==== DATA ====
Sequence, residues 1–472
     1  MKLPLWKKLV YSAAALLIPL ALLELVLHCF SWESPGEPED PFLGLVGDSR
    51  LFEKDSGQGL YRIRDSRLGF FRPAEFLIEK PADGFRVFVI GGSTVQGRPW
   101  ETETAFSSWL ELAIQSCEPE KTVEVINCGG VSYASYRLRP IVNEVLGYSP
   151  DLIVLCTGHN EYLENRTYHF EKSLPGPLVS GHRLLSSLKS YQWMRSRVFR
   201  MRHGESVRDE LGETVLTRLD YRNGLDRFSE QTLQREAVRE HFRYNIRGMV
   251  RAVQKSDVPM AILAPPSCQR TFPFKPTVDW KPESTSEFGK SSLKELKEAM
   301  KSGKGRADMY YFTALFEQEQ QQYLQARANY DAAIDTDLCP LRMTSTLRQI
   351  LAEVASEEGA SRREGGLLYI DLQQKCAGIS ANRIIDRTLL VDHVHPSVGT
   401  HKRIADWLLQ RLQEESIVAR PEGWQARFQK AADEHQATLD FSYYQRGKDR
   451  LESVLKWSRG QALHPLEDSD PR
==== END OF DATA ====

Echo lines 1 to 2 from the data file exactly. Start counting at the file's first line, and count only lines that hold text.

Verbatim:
Sequence, residues 1–472
     1  MKLPLWKKLV YSAAALLIPL ALLELVLHCF SWESPGEPED PFLGLVGDSR